When I first started this project, I thought it would be fairly simple - just take the object returned by the search tool and access the other metadata fields. Then I discovered that the object returned by the SharePoint search engine does not include all the metadata for the documents. Hence the need for using the ID obtained from the search result object to obtain the actual document object, which does contain the metadata.

Adding somewhat to the complexity, was using the sometimes awkward SharePoint object model. For example, dealing with both the internal name and the display name of the metadata fields led to code like this: ResultsRow[InternalViewFldNames[j]] = ThisItem[ListFields.GetFieldByInternalName(InternalViewFldNames[j]).Title];.

Another "gotcha" was the problem of sorting the grid by title. During testing, sorting on all the other columns was fine, but the Title column was not sorting properly. Since the sort is a method of the DataGrid object, I was initially stumped. But when I realized that with the anchor tag containing the URL to do the document, if the column was sorted "alphabetically", it was really sorting by ID. But by adding a hidden column (as described above) that contains simply the document title, and making the search action of the Title column invoke the search on the hidden column, the grid is sorted properly by title.

History

  • 06.22.06 - Initial version.

License

This article has no explicit license attached to it but may contain usage terms in the article text or the download files themselves. If in doubt please contact the author via the discussion board below.

A list of licenses authors might use can be found here

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About the Author

Kris Rudin
Web Developer
United States United States
Kris Rudin is a senior developer with Ascentium corporation, with 10 years of experience including both web and Windows client software development.

Comments and Discussions

 
GeneralVery cool PinmemberJJBlues30-Dec-09 12:33 
GeneralCode for MOSS 2007/WSS 3.0 here .... PinmemberMember 323276618-Jul-09 0:37 
GeneralRe: Code for MOSS 2007/WSS 3.0 here .... PinmemberKris Rudin20-Jul-09 7:17 
GeneralDifferent custom Search Results Pages Pinmemberproctor729-Apr-09 1:03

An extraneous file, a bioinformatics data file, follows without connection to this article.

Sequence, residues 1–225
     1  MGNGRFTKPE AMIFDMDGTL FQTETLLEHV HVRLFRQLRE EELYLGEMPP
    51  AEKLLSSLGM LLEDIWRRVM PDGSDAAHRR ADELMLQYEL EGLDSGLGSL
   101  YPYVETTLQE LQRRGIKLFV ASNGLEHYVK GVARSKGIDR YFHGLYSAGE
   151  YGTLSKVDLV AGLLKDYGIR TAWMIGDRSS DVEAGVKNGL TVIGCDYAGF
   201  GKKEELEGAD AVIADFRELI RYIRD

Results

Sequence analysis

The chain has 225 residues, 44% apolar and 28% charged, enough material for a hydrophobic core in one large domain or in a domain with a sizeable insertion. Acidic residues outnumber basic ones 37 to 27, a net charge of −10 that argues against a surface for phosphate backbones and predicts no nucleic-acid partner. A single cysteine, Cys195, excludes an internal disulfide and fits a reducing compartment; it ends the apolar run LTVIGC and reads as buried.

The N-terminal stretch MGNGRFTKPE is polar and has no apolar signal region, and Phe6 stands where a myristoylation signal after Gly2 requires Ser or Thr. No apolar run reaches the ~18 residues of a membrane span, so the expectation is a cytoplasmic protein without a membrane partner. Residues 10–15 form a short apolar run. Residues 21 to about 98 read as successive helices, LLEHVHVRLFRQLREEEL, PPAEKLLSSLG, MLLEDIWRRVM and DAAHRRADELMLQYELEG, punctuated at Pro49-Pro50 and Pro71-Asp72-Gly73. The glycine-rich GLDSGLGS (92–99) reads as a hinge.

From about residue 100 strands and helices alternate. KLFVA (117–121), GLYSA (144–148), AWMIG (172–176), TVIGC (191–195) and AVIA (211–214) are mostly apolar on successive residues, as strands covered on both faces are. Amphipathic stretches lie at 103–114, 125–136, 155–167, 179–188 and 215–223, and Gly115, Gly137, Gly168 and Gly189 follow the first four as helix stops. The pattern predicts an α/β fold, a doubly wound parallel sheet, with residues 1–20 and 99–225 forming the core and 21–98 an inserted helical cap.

GeneralRe: Different custom Search Results Pages PinmemberKris Rudin4-May-09 6:43 
GeneralRe: Different custom Search Results Pages Pinmemberproctor74-May-09 22:13 
GeneralRe: Different custom Search Results Pages PinmemberKris Rudin5-May-09 7:35 
GeneralCustom search result page without application.master in WSS Pinmemberbart-ski10-Mar-09 4:57 
GeneralRe: Custom search result page without application.master in WSS Pinmemberbradmy13-Oct-11 12:11 
GeneralRe: Custom search result page without application.master in WSS PinmemberKris Rudin13-Oct-11 12:13 
Umm, this article is based on SharePoint 2003. I make no guarantees that it works with newer versions of SharePoint. Wink | ;-)
QuestionSPSearchResultCollection is deprecated...updated example available? Pinmembergbenton15-Feb-08 7:24 
GeneralValue does not fall into expected range PinmemberJohn.Straumann2-Nov-07 4:23 
GeneralRe: Value does not fall into expected range PinmemberKris Rudin2-Nov-07 7:05 
GeneralRe: Value does not fall into expected range PinmemberJohn.Straumann2-Nov-07 7:37 
GeneralRe: Value does not fall into expected range PinmemberKris Rudin2-Nov-07 7:52 
GeneralRe: Value does not fall into expected range PinmemberJohn.Straumann2-Nov-07 7:49 
GeneralRe: Value does not fall into expected range PinmemberKris Rudin2-Nov-07 7:56 
GeneralRe: Value does not fall into expected range PinmemberJohn.Straumann2-Nov-07 8:00 
GeneralRe: Value does not fall into expected range PinmemberKris Rudin2-Nov-07 8:55 
General'Value does not fall within the expected range' Pinmemberjoade21-Oct-07 23:48 
GeneralRe: 'Value does not fall within the expected range' PinmemberKris Rudin22-Oct-07 7:03 
GeneralCannot get example to work... PinmemberSighCJC25-Jul-06 15:01 
GeneralRe: Cannot get example to work... PinmemberMichael Soliman.2-Dec-06 9:49